Our kids are over-scheduled and over-connected with all the current technology available. No Child Left Behind has (in my opinion) caused more problems than it was ever meant to correct. Schools are now so test score driven, that there is no room for the things that are needed to grow well rounded, thinking children. Sunshine, fresh air, a sense of themselves and their place in the world, these are crucial, but lacking from our public schools. It used to be that these things were available outside of school. We spent our afternoons, weekends and Summers outside, making our own adventures. We didn’t have video games or cell phones. We had to think of ways to entertain ourselves and, guess what, we DID! We learned how to think, and solve problems, not just to pass tests. We had art classes and shop classes, cooking and sewing, even auto repair class! We could go out for any number of sports teams, we had marching bands and could choose from a variety of instruments to learn. And we got to choose from 3 languages to learn, beginning in 7th grade. All during school hours. The same number of hours that our kids are in school now. Is this new math?
I came across this article and feel so relieved to see someone else feeling the way I do.
The authors of The Failure of Enviromental Education write, “The No Child Left Behind Act of 2001,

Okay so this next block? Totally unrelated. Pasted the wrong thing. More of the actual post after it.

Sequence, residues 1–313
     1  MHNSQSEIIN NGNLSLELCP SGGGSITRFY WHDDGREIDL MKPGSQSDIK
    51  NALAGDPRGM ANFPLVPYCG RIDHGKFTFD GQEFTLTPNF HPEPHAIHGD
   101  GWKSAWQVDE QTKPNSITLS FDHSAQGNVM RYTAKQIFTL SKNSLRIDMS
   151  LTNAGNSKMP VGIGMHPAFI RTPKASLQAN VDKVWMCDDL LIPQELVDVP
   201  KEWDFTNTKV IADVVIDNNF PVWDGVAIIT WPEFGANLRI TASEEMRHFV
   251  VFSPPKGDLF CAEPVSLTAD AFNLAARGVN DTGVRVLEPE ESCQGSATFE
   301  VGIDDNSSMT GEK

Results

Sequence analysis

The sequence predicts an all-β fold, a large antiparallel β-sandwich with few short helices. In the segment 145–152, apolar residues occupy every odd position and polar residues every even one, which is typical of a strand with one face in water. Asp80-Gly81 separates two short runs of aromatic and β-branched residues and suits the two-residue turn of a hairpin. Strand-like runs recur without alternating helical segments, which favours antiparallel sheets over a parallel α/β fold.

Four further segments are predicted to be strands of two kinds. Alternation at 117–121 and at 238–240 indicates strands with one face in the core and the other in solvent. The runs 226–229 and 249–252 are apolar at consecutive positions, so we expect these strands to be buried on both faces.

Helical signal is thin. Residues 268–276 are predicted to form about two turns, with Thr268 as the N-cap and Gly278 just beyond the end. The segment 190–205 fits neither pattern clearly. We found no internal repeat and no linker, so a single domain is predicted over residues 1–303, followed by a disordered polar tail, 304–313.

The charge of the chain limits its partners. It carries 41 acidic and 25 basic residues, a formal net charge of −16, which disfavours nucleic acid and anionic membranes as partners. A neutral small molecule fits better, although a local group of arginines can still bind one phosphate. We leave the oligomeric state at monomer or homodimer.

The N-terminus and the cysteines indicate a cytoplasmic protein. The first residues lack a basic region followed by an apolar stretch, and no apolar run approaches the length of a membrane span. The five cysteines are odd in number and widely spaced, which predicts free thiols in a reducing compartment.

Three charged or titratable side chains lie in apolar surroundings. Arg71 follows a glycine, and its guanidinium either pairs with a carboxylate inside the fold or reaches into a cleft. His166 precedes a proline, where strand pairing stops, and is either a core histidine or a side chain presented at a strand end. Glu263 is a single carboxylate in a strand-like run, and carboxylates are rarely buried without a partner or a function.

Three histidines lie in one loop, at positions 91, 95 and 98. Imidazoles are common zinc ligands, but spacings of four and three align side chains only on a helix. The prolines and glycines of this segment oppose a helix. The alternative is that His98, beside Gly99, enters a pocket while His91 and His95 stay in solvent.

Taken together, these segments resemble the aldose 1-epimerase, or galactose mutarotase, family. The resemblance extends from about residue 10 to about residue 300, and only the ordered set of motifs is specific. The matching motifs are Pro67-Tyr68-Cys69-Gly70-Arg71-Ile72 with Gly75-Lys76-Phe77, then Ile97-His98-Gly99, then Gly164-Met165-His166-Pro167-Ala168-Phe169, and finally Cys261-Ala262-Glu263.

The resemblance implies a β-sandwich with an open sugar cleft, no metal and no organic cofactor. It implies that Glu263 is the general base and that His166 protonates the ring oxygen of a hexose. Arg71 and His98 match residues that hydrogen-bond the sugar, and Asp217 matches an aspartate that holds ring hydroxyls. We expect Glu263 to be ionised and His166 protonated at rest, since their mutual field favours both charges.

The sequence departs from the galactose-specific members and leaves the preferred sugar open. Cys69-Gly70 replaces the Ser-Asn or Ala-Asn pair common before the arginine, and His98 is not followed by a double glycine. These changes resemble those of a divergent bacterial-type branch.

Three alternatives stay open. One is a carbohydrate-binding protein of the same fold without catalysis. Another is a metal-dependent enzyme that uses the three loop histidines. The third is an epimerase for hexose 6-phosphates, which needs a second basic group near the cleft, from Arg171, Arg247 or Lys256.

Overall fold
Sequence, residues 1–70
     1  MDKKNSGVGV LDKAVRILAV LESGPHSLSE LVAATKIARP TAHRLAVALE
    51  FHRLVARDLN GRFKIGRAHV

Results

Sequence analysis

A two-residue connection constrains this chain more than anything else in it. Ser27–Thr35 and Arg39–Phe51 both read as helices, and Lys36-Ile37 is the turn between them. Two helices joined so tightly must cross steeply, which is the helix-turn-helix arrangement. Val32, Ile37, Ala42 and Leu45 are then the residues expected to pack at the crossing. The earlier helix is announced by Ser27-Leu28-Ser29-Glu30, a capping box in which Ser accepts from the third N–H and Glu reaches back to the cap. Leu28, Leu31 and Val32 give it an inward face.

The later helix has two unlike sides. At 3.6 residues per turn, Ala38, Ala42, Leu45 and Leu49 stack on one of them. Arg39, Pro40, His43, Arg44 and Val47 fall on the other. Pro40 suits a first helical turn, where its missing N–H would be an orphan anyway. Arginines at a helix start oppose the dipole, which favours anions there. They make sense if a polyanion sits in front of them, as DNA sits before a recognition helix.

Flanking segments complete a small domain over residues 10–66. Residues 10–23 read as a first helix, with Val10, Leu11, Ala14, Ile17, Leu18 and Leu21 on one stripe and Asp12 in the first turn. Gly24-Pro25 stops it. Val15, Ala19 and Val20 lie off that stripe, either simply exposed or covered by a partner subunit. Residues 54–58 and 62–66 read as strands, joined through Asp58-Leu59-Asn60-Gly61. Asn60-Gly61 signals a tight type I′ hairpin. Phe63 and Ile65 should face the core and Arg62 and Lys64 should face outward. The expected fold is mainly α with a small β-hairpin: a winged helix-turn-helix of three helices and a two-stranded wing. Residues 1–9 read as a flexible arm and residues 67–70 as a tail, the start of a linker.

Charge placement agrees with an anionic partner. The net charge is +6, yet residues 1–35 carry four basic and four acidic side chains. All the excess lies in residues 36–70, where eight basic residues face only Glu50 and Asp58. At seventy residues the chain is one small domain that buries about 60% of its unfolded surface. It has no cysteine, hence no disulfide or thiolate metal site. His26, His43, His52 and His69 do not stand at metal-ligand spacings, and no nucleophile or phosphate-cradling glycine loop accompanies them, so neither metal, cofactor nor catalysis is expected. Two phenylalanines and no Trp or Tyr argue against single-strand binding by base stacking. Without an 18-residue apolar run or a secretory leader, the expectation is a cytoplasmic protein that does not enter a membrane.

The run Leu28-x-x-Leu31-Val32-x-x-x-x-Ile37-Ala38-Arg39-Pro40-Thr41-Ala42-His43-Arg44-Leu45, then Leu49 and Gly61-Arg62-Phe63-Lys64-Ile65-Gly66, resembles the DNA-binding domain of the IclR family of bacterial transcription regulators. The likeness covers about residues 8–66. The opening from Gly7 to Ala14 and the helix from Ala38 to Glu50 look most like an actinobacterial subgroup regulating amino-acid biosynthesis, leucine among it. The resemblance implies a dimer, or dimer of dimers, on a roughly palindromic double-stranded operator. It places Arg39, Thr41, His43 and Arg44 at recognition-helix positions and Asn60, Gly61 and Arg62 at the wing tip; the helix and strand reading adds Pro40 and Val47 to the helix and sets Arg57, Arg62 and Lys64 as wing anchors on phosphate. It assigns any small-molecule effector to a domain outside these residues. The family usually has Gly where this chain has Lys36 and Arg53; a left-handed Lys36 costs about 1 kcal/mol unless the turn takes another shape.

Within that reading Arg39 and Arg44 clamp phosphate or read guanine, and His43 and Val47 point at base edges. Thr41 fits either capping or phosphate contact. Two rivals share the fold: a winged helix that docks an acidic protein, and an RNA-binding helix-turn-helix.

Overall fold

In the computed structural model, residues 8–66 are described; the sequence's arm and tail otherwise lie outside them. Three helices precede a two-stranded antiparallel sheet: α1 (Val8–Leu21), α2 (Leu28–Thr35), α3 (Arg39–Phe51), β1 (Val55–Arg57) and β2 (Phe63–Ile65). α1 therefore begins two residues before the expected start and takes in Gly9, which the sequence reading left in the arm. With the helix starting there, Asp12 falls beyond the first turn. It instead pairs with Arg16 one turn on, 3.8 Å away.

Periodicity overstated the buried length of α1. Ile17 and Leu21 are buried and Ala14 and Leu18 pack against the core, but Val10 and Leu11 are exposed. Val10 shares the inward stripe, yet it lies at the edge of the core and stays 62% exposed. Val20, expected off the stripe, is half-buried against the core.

with its focus on standardized tests, leaves little time for history,
civics, art, literature and other courses that can shape responsible,
involved citizens and teach them common sense, Saylan and Blumstein
contend. So far, schools have failed “to provide what is necessary to
turn the tide of environmental deterioration.”
I started my educational farm because I saw a need for kids to spend time outdoors, climbing trees, caring for animals. We plant and harvest and cook and bake. We make art and play hide and seek. We all sit down and eat a picnic lunch together. And, by doing so, we learn to communicate, to have social skills, compassion and conversation. To be responsible and self sufficient. We even figure out how to “pump” ourselves on the big tree swing and think of the best hiding places. I think these life skills are the building blocks of a good human. And isn’t that what we all hope to contribute to this world? As a parent who can’t afford to send my kids off to private school, where they could get more of these experiences, it becomes my responsibility to fill in the gaps and help my children to be enriched with a well rounded education.
What are you doing to enhance your kid’s public school education? If you decided to give up on the system and home school, at what point did you round that corner?
I’d love to hear your thoughts.